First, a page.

When Shaun’s tweets were mysteriously pulled from Twitter, Twitter exploded with questions into the Wolverhampton Star’s offices. A Star health reporter one moment, pulled from Twitter and the health desk the next moment. A popular Welsh anaesthetist on Twitter, @WelshGasDoc, tweeted, ‘What a perverse irony that the only journalist reporting on a story about people unwilling to speak out has now been gagged’.
Shaun Lintern had reported stories about Mid Staffs with loyalty throughout 2008 and 2009, covering cases of escalating poor care every week. He worked with Cure the NHS and the trust. In 2011, he had sat through 139 days of the recent Independent Public Inquiry, and became the gold standard resource on the Inquiry. His tweets were relied on by the health community to save them the tedium of reading the millions of pages of evidence. None of the national newspapers diverted any resources to covering the Inquiry. So not a man to lose?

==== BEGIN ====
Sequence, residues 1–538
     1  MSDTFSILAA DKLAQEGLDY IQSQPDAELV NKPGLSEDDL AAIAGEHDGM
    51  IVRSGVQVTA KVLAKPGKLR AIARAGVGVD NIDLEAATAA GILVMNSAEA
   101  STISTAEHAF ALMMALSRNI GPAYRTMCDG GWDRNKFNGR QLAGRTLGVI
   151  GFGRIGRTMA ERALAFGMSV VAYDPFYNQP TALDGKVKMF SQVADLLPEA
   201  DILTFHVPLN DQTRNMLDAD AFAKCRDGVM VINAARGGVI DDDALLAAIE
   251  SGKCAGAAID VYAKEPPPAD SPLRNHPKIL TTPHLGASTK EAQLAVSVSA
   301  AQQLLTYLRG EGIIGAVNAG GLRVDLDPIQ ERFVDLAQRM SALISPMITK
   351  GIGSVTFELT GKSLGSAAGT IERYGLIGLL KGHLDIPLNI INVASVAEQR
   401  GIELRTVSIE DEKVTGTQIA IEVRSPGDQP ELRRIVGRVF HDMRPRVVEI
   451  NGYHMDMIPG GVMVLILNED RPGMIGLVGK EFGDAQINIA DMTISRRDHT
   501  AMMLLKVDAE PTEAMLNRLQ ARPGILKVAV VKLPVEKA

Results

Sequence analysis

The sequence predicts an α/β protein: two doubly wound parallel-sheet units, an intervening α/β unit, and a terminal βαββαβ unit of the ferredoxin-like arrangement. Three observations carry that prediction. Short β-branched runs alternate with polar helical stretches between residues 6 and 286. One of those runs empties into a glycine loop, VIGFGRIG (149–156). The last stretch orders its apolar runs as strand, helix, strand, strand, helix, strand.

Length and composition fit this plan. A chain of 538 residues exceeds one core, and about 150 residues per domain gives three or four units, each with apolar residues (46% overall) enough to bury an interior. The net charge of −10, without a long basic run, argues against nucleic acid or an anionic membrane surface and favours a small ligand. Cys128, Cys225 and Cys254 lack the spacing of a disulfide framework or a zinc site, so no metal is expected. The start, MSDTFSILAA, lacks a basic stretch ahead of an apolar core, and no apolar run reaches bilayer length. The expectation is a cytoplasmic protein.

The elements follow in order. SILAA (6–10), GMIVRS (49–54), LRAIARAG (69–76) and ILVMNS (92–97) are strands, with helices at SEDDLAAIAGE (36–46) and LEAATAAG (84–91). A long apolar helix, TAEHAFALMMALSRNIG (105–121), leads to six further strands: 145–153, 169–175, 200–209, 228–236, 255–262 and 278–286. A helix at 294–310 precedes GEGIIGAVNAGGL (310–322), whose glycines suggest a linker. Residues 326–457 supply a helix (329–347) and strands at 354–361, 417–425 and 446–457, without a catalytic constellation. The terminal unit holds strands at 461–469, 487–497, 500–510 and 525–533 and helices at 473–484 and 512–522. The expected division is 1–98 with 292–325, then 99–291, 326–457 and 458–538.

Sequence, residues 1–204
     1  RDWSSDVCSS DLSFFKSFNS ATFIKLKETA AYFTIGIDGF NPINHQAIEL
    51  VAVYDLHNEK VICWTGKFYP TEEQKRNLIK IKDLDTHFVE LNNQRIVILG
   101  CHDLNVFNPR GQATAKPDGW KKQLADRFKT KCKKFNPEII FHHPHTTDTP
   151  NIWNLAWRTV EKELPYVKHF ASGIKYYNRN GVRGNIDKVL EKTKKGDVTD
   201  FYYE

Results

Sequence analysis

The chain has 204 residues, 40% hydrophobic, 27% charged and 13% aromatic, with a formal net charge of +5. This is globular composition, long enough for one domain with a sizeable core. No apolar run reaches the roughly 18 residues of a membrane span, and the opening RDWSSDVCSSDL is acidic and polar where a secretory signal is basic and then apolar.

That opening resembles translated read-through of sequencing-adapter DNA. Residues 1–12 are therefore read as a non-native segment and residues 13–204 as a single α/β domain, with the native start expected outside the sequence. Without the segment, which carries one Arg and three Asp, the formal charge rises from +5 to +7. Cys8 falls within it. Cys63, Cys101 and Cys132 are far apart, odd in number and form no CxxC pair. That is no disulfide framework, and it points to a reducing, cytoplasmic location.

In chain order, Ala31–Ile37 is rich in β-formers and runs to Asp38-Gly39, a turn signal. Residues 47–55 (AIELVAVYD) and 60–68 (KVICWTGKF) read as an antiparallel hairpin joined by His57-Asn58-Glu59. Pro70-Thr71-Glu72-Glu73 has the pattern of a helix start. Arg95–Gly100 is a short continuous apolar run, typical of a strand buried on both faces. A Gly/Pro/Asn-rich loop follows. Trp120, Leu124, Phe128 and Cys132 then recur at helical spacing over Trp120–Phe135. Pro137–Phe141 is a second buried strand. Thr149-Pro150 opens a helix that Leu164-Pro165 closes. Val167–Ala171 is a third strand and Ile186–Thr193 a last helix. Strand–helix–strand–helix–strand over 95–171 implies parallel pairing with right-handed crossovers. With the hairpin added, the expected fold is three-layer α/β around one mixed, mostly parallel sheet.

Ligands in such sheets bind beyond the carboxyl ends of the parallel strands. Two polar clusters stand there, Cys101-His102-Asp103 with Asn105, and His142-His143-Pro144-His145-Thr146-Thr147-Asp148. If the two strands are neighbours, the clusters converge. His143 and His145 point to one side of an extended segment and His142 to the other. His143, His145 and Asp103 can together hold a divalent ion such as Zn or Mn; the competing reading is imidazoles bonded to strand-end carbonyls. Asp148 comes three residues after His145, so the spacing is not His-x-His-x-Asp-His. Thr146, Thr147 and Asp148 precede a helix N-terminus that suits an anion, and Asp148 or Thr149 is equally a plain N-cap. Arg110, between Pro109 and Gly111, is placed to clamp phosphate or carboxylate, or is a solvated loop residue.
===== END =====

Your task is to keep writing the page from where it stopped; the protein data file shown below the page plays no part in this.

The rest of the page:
MedicalHarm has investigated Shaun Lintern’s disappearance. Some clues were provided in our saved copies of Shaun’s deleted twitter feed. His final tweet read, on 9 December 2011, “After 7 days off to recover from #midstaffsinquiry its back to work 2day to expose poor care & bad management wherever it may hide.“ Then the line went dead. Shaun no longer existed.
In the latter half of 2011, Shaun had been working on a series of stories about poor care at the Royal Wolverhampton NHSFT (who run New Cross hospital). MedicalHarm contacted the hospital. The communications department confirmed that they had made a complaint about Shaun on behalf of the then CEO, step forward …David Loughton. Mr Loughton was featured in our Private Eye special for telling the union rep of well-known consultant whistleblower, Dr Raj Mattu, that he didn’t want to give Raj just a parking ticket, he wanted him off the road (see Shoot the Messenger).
The Royal Wolverhampton and Mr Loughton made a complaint about “inaccurate” reporting, and though the paper has crumpled and apologised, none of Shaun’s pieces have been taken down. The complaint targetted the accuracy of Shaun’s pieces, but was also based apparently on “personal tweets”. So what were they?